Every day, account managers are dealing with new emerging competitors, downsizing prospects, and enlarged sales quotas. Success requires special sales training methods and a company-wide process where all departments are responsible for company revenue.
The key to success is premeditated, outbound business development.
In traditional firms (start-ups and Fortune 1000 firms included), vice presidents of sales live or die by the success of monthly revenue plans that were forecasted twelve months earlier. They are the hero or the goat depending on how the revenue numbers hit that month. This evaluation process is an immature method used to determine revenue success (or failure). Often used by investors, it ignores the fact that corporate revenue (or lack of it) can be a symptom of a greater problem with the firm’s business strategy.
To succeed today, firms need to focus on the integration of all of their revenue elements of business development. When one singular department fails to contribute, it directly affects all corporate sales opportunities. At that point, it is not the sales department’s failure to generate revenue, it is the company’s failure.
The four current business development elements are:
- Strategy and Product/Service Development
- Financial Management
To succeed, we need all of these departments to be positioned equally in responsibility as partners in revenue generation. In this economy, there can be no silos.
That means senior managers of marketing, strategy, and finance need to be assigned a line position with the appropriate responsibilities and compensation.
The result is that sales, strategy and marketing all have a sales quota. Working in concert, being paid as a team, their decisions and responsibilities will be centered on helping account managers sell more.
If your firm has not aligned these elements with equal compensation based on total revenue, assigned milestones based on a group performance, or implemented weekly goals for each manager based on revenue producing expectations, then it is time to change.
Today, companies can no longer afford high-priced sales executives or support departments who don’t carry revenue goals. Instead, line managers are needed to represent all departments working in concert to generate revenue.
Remember, it is not the sales department’s responsibility for revenue… it is the company’s responsibility.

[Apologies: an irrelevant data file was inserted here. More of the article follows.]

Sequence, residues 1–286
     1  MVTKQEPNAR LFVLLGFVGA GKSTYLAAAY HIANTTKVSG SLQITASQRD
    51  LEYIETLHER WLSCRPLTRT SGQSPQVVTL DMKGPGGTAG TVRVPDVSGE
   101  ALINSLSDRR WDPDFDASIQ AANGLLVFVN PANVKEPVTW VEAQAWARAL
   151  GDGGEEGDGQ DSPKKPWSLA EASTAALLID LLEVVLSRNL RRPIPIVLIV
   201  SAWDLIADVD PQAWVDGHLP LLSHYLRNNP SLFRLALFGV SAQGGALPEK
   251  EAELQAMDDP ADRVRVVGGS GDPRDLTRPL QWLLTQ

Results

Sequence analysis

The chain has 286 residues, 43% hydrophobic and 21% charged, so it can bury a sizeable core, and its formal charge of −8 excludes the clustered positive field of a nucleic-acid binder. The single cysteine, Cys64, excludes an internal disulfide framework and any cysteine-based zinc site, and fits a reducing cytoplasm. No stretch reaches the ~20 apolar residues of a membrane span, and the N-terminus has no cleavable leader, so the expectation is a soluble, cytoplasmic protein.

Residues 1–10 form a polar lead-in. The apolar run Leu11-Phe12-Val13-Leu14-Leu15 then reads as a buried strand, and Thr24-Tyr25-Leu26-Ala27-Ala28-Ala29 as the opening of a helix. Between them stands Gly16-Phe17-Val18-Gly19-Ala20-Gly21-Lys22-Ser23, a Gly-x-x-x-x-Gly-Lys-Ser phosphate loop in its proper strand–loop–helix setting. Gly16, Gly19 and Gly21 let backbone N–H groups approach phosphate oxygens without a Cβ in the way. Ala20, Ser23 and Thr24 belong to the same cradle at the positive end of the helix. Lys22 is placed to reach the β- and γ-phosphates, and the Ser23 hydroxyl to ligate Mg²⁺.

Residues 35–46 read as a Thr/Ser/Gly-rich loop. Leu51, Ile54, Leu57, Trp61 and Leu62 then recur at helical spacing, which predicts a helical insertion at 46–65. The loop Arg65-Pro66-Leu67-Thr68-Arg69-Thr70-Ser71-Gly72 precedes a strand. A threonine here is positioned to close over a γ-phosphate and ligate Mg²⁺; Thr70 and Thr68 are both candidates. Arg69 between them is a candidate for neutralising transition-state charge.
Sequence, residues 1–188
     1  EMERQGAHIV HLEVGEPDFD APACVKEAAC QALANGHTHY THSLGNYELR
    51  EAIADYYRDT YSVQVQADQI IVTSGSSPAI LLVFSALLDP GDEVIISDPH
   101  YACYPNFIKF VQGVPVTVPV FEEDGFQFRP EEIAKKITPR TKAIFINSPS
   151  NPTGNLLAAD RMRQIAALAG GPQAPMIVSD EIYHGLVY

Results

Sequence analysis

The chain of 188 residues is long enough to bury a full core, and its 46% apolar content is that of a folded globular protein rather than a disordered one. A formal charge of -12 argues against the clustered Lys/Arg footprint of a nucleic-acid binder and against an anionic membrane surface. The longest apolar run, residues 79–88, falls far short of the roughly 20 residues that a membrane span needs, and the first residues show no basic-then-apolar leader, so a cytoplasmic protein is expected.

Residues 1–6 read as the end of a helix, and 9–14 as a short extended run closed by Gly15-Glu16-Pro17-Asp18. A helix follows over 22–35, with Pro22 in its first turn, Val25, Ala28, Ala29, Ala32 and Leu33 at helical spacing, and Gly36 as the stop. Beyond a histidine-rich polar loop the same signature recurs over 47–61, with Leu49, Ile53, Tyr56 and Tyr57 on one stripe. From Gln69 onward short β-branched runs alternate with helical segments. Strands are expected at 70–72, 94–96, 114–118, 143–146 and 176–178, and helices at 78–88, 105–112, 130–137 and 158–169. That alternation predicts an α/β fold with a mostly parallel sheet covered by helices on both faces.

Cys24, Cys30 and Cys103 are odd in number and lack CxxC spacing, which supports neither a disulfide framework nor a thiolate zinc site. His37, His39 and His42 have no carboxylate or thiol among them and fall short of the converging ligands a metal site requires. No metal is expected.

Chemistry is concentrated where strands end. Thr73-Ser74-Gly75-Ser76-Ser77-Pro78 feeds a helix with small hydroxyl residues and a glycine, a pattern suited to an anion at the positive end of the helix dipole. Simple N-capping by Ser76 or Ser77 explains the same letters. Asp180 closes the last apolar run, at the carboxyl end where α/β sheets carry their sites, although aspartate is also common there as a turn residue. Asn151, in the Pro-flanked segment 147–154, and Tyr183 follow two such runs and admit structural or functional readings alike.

5 Common Mistakes in Sales
Mistake No. 1: Most salespeople shoot from the hip. Let’s be honest. Sales is a premeditated sport. To be successful, you need to prepare every step of sales cycle. Amateur salespeople wing it. When meeting clients for the first time, presenting to CEOs, or negotiating contracts, always sit down and plan your actions, talking points, and methodology in order to win business. Many salespeople become lazy and interact with customers based on the salesperson’s previous experience with a particular kind of client. Professional salespeople know that every client is different and in this competitive economy, preparation wins business.
Mistake No. 2: Salespeople do not cold call. No, it’s not the favorite playtime of salespeople, but if you wait for your marketing department or your inside sales force to find qualified leads, your competition may already be locking down a big deal in your territory and you will be too late to join the game. To increase your quota success, add cold calling to your schedule every day
Mistake No. 3: Salespeople underestimate the importance of the client presentation. Fifty percent of all sales are won through the presentation. It is the only time when most of the decision makers are in the room and can be educated as a team about the unique characteristics of your product or service. To increase closing ratios, focus on the content and process of your presentation. Prepare to present.
Mistake No. 4: Salespeople do not stay in touch with their prospects. Selling is also a contact sport. You need to interact with your prospect on a timely basis. You should touch the client every week with some communication device (email, letter, brochure) prodding them to move their buy cycle closer to your sales cycle. Prospects have short memories. Don’t let a more ambitious competitor steal your prospect because they are more visible in their communication.
Mistake No. 5: Salespeople underestimate the competition. In sales, it is kill or be killed. When selling a client, always assume that there is competition until you see a signed contract or purchase order. Several years ago, a study revealed that Fortune 1000 companies were negotiating with an average of four companies on the last step of a purchase. Simultaneously, only half of the time did the buying companies tell the vendors how many players had made the short list. Never assume you got the deal, until it is signed.
We expect all our businesses to have a positive impact on our top and bottom lines. Profitability is very important to us or we wouldn’t be in this business.
–Jeff Bezos, CEO/Founder, Amazon.com
Comments are closed.